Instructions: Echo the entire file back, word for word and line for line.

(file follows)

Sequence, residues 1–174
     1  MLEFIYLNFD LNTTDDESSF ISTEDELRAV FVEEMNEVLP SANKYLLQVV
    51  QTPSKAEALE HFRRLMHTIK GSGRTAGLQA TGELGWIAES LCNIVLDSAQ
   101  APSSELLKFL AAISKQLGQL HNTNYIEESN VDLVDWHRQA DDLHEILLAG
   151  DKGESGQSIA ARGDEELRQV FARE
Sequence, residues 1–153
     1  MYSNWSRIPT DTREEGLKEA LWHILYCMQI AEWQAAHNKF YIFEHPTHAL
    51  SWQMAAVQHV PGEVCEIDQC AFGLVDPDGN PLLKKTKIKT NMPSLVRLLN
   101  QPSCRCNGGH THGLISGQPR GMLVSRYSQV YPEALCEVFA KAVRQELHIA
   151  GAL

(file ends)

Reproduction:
Sequence, residues 1–174
     1  MLEFIYLNFD LNTTDDESSF ISTEDELRAV FVEEMNEVLP SANKYLLQVV
    51  QTPSKAEALE HFRRLMHTIK GSGRTAGLQA TGELGWIAES LCNIVLDSAQ
   101  APSSELLKFL AAISKQLGQL HNTNYIEESN VDLVDWHRQA DDLHEILLAG
   151  DKGESGQSIA ARGDEELRQV FARE
Sequence, residues 1–153
     1  MYSNWSRIPT DTREEGLKEA LWHILYCMQI AEWQAAHNKF YIFEHPTHAL
    51  SWQMAAVQHV PGEVCEIDQC AFGLVDPDGN PLLKKTKIKT NMPSLVRLLN
   101  QPSCRCNGGH THGLISGQPR GMLVSRYSQV YPEALCEVFA KAVRQELHIA
   151  GAL